Of mice and muscle men: study finds brawn burns fat

Tuesday, April 7th, 2009

Lifting weights

Jonas Hrebeniuk

YOU DON'T KNOW "SQUAT," BUT THIS DUDE SURE DOES. New studies on mice show that weightlifting can have metabolic benefits similar to endurance exercises like cardio workouts. Will we all turn into Arnold Schwarzenegger? Not bloody likely, but it's still interesting food for thought in our health-mad society.

In a recent study, mice with genetically modified muscles have shown US scientists weight training burns fat just as effectively as aerobics does.

Published in the February issue of Cell Metabolism, the study by researchers at the Boston University School of Medicine, genetically programmed the mice so their muscles resembled those of bodybuilders.

Researchers found the mice lost fat and showed other indicators of metabolic improvement " benefits despite the high fat and sugar diet and unchanged exercise routine of the mice.

The bulky, veiny muscles found on weightlifters fall into type II: “fast-twitch” muscle tissue that contains only small amounts of energy-burning mitochondria.

Type I, or slow twitch muscles, built up through endurance exercise, are rich in intercellular power plants.

Prior to this, it was generally believed that type I muscles had a larger capacity to burn fat.

The study has shown while mitochondria are not in abundance when it comes to type II muscles, there is another fat-burning mechanism in place " the liver, which is one of the body’s most powerful weight controls.

“The liver showed a higher level of oxidation capacity for lipids, and mitochondrial capacity was higher,” Dr. Mark Tarnopolsky, a professor in the department of medicine at McMaster University, said.

“There is some link between muscle and liver that occurred with the greater size of the type II fibers that led to the liver changes.”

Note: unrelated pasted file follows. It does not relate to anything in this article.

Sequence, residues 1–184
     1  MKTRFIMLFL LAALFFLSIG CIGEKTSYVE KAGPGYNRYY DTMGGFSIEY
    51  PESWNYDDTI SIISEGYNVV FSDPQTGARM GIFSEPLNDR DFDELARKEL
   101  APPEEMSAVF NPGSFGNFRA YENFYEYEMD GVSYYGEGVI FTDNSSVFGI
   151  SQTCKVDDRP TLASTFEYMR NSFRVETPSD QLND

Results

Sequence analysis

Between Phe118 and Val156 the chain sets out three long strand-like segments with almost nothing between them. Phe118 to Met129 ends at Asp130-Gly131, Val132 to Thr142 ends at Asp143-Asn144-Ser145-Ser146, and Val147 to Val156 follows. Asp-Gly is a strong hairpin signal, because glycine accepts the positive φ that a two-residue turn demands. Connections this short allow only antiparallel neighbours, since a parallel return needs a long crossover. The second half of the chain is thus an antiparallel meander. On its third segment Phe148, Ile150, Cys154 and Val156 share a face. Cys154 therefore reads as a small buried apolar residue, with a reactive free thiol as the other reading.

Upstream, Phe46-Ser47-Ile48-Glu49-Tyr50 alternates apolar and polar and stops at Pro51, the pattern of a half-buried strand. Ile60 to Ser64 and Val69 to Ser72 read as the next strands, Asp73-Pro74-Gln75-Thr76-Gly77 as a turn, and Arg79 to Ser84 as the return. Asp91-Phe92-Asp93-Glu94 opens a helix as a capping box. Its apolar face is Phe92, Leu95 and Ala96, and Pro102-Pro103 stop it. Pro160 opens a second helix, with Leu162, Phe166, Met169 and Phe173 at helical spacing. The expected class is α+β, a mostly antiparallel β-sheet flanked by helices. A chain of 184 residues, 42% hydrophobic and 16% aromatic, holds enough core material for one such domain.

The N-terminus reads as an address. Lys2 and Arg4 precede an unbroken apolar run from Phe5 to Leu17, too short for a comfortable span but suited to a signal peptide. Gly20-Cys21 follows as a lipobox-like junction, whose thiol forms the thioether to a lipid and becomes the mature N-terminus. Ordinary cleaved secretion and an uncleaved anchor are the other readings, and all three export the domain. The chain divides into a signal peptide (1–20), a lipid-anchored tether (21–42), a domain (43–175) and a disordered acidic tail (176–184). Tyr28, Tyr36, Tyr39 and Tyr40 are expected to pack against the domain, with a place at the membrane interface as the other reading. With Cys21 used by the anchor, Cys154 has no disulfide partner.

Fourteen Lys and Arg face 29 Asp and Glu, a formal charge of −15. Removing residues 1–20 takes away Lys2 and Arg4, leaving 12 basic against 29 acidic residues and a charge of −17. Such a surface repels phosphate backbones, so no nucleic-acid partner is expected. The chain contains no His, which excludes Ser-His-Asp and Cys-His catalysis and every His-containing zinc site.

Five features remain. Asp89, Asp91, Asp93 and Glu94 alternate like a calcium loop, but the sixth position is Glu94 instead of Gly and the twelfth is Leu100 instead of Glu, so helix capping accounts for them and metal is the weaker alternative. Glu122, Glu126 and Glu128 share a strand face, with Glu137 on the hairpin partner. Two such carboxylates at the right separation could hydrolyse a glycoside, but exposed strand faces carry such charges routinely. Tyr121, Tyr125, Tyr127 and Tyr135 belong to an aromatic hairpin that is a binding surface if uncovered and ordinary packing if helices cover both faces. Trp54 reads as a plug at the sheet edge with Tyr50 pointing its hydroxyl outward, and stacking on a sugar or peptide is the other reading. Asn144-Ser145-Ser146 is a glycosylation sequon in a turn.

Kim Correia, a first-year media information and technoculture student, wants to stay in shape through cardiovascular exercise despite the new study.

Larissa Mills of Pilateez.com stands behind the buildup of type I muscles. “[Like weightlifting, Pilates and Yoga] are great ways to tone and increase muscle strength.”

Aesthetic benefits aside, weight training is good for older adults to prevent and treat muscle loss, which may also provide metabolic benefits.

“Are men not mice?” Dr. Tarnopolsky said. “A very large study is needed to bring out the metabolic effects statistically.”

The mice used in the experiment were obese and were expected to get even larger when researchers activated the Akt1 gene " a gene that promotes type II muscle growth but does not affect type I. Instead, within three weeks of developing the muscle, they experienced weight loss of around 40 per cent.

“Fitness is more important than fatness,” Dr. Tarnopolsky said. “I would not run out and start lifting weights in the hope that it will have a major effect on the metabolic syndrome based on these results.”

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